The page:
Youth in Masindi district have been advised to embrace cash crop growing as a faster and more efficient way of improving their household incomes.
The youth were on Saturday touring Sunrise Inspirational Farm – an over 20-acre enterprise of bananas, rice, poultry goat-rearing and horticulture belonging to a one Ramadhan Atuhura located in Kijumbura village, Pakanyi sub-county, about 20kms from Masindi town.
Atuhura is a member of Farmers Talk Uganda(FTU) – a loose association of over 140 farmers across the country formed two years ago. The farmers routinely visit each other’s farms to share knowledge and best practices on how to improve production, become better farmers and reach for bigger markets.
Speaking at Atuhura’s farm on Saturday, Charles Rwebembera, the chairperson of FTU, advised the visiting youths to interest themselves in crops and enterprises whose value has limited depreciation.
“If you decide to venture in crops like bananas for commercial production, make research and invest in improved varieties that will give you value for the money invested. Make sure your piece of land is optimally utilized because land is scarce,” Rwebembera said.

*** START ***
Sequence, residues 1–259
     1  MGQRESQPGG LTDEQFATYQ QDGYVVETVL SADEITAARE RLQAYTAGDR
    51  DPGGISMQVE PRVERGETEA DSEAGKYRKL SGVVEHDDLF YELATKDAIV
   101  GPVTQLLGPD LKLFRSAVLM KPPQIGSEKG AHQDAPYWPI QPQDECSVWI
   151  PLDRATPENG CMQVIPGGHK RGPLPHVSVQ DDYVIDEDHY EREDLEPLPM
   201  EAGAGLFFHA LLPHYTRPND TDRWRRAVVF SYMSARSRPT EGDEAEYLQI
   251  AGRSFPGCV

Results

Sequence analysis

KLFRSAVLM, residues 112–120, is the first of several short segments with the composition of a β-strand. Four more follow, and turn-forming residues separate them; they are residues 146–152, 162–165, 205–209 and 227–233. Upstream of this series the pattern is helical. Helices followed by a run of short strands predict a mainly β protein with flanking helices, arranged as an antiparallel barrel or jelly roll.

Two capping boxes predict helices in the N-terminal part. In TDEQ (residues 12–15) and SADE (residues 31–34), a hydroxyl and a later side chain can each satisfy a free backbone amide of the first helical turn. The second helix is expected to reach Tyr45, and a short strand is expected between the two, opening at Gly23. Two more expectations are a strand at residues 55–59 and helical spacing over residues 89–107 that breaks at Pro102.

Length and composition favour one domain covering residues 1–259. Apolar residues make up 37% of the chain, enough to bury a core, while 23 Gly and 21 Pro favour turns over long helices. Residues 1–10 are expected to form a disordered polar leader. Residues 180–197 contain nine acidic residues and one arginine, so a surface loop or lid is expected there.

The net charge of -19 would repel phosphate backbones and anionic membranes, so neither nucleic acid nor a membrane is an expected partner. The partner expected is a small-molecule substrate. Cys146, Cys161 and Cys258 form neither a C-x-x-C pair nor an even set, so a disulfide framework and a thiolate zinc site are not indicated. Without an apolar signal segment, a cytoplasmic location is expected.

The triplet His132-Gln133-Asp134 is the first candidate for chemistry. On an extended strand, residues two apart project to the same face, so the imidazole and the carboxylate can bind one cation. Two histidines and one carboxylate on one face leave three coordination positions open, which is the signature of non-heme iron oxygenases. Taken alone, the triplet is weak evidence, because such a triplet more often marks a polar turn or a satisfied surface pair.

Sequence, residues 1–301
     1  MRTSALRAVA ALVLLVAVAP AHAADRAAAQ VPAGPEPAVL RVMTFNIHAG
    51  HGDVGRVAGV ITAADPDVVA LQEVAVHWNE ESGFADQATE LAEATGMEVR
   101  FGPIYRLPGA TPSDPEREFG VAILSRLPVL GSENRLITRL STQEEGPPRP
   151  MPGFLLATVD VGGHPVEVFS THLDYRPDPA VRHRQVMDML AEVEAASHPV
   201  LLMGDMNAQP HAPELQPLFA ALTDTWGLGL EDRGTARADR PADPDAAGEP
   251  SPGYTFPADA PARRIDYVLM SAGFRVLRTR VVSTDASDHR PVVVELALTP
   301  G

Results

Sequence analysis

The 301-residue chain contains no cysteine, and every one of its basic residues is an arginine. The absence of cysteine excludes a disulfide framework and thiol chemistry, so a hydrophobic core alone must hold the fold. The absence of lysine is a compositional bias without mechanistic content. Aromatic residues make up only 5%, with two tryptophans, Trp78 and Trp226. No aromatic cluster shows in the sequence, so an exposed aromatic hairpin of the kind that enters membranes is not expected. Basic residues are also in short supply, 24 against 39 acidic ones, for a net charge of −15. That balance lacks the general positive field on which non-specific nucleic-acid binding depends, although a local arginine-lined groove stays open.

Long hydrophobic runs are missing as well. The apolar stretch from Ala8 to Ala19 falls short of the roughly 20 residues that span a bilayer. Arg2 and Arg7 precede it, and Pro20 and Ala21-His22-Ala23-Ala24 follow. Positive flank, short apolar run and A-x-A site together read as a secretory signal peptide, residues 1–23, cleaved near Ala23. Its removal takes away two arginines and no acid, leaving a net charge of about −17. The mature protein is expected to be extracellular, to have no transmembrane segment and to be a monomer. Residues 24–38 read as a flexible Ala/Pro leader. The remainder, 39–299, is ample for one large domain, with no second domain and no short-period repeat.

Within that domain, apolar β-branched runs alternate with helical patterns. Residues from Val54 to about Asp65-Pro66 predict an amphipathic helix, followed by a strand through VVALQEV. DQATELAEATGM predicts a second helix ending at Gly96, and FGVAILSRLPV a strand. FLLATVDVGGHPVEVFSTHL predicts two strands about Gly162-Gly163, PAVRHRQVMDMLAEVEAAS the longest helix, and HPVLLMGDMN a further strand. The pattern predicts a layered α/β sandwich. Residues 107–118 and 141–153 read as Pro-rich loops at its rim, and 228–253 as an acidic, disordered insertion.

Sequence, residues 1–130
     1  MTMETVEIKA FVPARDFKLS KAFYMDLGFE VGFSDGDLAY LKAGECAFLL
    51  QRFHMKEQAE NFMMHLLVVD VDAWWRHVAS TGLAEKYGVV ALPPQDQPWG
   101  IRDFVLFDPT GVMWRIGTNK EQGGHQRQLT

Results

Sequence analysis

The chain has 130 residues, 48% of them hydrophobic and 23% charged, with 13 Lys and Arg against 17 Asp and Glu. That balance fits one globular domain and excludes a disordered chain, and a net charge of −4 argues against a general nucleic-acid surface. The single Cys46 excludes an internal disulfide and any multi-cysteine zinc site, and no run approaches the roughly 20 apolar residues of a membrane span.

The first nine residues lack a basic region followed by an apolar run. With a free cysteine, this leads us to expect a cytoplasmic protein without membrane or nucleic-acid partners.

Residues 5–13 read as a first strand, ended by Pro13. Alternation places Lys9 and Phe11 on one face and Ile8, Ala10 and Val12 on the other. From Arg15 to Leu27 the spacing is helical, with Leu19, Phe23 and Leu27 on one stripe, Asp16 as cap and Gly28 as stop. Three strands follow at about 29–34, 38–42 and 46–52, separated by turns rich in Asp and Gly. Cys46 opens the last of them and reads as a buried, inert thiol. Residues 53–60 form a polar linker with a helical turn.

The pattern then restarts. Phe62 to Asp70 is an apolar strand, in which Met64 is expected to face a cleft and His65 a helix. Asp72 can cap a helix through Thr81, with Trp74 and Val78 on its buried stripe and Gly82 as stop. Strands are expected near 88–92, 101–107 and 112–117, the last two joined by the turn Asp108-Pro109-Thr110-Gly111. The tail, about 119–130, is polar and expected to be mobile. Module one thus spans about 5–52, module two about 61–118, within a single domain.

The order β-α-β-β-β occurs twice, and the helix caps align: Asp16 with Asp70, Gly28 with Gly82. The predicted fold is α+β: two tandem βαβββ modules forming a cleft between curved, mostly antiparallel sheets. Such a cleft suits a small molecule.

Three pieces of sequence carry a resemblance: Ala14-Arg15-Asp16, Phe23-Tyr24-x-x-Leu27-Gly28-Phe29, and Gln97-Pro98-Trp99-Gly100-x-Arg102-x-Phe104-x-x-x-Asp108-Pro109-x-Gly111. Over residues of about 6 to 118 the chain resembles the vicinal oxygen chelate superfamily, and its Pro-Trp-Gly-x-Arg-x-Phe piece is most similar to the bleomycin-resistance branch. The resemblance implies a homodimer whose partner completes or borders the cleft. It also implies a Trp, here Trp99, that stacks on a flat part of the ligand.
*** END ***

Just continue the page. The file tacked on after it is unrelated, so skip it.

Frederick Isingoma, another FTU member dealing in coffee and banana farming called upon the youth to resist the allure of quick gains in farming, noting that the more sustainable returns lie in consistency. “Some youth opt for crops with quick yields such as maize but they also suffer from very low prices in return. A kilogram of coffee, on the other hand, is always above Shs.4000. And most of our parents supported us in school using proceeds from coffee,” he argued.
Isingoma advised farmers to apply modern farming methods such as applying manure to cash crops, so as to get better yields.
Stanley Wandera, a farmer and chairperson of Gukwatamanzi cooperative society one of the SACCOs in the district cautioned the youth against the undermining farming, and to get beyond the stereotypes associated with the trade:
“Some graduates have ancestral land which is lying idle in their villages but do not think of investing in agriculture, preferring instead to beg from their parents. You should avoid that mentality,” Wandera said.
Ronald Tumuhaise, one of the visiting youth, said most times many youths are discouraged because of the intensive time needed to invest in agriculture and some opt for enterprises that require less attention.
Meanwhile, Atuhura told his visitors that he was now turning to value addition: “I have mobilized and created a cluster of farmers who are now growing bananas. I sell to them suckers at a reduced price of Shs.1500 instead of Shs.2000 and also train them in good agronomic practices. I’m sure that those farmers will contribute towards my wine production with supplies as they also uplift themselves,” Atuhura said.